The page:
Letters to the Editor
I read with interest Randall Crenshaw's article "Can Anyone Heal Me?" in Volume 5, No. 3. There is no doubt to the underlying truth of the basic tenet of Dr. Crenshaw's article that many of our ailments are caused by spiritual problems and that help is often sought from physicians who either don't know how to help or cover up the problem with medicine and surgery.
However, his paragraph regarding tonsillectomies is either uninformed or using very old data to try to prove a point. As a Christian Otolaryngologist I know that tonsillectomy is no longer the most common operation performed in the United States as this has been surpassed by the placement of ventilation tubes for serous otitis media refractory for medical treatment. I would tremble with fear if it was true that one out of every thousand tonsillectomy patients dies. It is true that there is one report in the literature with a death rate of 1/1000, but all the recent literature suggests a death rate of 1/10,000 -- 1/15,000. Moreover, there are several studies reporting no deaths in more than 170,000 operations. Serious complications are nearly all due to bleeding and may require transfusion in 1 0 2 %. Furthermore, there are approximately 800,000 tonsillectomies done per year in the United States which includes a significant percentage of adults who have persistent tonsil disease. Simple mathematics make it clear that nowhere near 20 - 30% of American children have their tonsils removed.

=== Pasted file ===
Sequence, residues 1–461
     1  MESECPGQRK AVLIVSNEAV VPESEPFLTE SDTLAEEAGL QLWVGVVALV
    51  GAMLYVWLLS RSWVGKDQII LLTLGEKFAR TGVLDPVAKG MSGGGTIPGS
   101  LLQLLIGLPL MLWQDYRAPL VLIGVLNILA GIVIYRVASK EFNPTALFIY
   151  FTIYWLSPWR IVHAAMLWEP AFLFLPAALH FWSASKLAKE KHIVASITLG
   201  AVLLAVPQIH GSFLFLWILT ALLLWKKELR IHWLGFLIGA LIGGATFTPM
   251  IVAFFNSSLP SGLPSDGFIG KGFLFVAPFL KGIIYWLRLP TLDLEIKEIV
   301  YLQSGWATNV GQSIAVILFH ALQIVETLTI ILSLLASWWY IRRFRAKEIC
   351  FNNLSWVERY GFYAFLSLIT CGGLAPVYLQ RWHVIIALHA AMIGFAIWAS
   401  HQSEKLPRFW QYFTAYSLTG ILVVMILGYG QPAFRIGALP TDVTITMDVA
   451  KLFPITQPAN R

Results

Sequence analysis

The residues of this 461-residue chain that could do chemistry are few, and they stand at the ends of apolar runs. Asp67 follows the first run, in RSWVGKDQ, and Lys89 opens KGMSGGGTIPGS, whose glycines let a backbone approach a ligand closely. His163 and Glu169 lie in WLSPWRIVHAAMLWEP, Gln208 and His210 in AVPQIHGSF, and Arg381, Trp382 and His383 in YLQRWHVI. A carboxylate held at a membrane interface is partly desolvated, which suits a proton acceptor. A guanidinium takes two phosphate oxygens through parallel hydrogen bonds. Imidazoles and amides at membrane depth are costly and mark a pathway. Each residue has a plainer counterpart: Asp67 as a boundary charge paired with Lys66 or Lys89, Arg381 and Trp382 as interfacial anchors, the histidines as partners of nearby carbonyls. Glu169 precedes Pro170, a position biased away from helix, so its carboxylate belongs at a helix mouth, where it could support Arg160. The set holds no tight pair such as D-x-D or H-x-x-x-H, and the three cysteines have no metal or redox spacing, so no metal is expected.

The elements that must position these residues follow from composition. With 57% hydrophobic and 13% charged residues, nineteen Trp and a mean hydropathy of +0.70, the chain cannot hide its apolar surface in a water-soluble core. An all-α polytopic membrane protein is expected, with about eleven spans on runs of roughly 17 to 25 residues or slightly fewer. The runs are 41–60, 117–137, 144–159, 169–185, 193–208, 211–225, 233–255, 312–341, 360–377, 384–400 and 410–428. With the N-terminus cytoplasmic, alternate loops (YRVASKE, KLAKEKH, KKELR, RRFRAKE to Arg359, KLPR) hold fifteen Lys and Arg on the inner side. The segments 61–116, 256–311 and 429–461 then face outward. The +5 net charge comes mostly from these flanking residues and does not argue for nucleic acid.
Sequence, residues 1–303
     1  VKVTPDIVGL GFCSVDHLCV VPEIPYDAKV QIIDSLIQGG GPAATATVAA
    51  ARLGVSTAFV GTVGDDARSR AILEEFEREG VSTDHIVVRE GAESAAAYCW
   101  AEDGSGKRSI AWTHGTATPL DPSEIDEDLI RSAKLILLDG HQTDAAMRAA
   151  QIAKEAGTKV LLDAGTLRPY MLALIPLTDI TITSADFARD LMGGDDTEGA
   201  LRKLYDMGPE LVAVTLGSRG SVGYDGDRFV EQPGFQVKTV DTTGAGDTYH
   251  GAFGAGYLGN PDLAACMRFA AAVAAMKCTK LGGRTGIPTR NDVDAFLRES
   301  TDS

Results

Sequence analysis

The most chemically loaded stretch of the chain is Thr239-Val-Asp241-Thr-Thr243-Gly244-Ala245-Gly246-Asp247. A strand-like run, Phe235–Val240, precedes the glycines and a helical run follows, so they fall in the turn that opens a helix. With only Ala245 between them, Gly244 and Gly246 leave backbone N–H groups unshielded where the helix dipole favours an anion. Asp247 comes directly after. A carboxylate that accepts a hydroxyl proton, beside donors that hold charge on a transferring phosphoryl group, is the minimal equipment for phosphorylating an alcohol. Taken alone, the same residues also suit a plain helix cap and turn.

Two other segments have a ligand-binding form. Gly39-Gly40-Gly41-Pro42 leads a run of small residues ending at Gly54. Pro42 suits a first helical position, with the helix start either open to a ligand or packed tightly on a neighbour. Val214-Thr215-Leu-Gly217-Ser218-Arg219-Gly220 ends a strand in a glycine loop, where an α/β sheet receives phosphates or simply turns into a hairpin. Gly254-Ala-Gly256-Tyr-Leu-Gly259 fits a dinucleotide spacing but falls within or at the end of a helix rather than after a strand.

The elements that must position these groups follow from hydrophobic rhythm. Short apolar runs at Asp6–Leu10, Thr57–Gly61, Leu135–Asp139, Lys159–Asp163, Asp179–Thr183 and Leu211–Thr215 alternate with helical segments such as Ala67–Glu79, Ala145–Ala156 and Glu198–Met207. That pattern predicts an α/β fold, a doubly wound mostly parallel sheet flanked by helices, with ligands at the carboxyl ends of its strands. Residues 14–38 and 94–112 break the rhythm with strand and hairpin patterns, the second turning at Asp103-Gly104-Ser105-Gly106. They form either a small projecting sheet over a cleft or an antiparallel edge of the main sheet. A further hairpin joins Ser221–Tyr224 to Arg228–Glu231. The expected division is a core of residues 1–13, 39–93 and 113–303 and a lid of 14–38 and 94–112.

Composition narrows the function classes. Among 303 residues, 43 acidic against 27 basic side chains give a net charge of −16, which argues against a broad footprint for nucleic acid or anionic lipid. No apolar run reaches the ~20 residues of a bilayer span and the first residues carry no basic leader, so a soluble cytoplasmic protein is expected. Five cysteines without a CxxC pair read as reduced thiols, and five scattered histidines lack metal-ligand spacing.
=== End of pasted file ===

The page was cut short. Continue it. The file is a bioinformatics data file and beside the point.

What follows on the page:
Finally, his assertion that 50 - 95% of tonsillectomies are unnecessary requires further qualification. A tonsillectomy is nearly always an elective procedure designed to improve the quality of life for that individual. It is, however, elective in almost all cases except severe obstruction. With more stringent criteria in use today nearly all patients having tonsillectomies obtain significant benefit.
For those who are interested in this subject there is a comprehensive review with extensive literature, references in the 1987 Otolaryngologic Clinics of North America (May 1987, Vol. 20. 2). This should be available in nearly any hospital library, or ask your local Otolaryngologist.
As a Christian, we must strive for truth in all aspects of communication.
Scott Voorman, M.D.
Simi Valley, CA
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